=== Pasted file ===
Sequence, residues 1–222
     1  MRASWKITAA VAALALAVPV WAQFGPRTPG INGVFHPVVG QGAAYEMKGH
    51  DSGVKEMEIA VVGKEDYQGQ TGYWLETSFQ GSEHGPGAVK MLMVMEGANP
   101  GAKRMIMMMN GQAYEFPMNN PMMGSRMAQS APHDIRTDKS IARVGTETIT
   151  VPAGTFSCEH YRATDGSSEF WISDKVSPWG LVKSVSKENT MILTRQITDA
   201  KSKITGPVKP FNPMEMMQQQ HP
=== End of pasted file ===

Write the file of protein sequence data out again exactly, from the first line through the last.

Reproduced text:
Sequence, residues 1–222
     1  MRASWKITAA VAALALAVPV WAQFGPRTPG INGVFHPVVG QGAAYEMKGH
    51  DSGVKEMEIA VVGKEDYQGQ TGYWLETSFQ GSEHGPGAVK MLMVMEGANP
   101  GAKRMIMMMN GQAYEFPMNN PMMGSRMAQS APHDIRTDKS IARVGTETIT
   151  VPAGTFSCEH YRATDGSSEF WISDKVSPWG LVKSVSKENT MILTRQITDA
   201  KSKITGPVKP FNPMEMMQQQ HP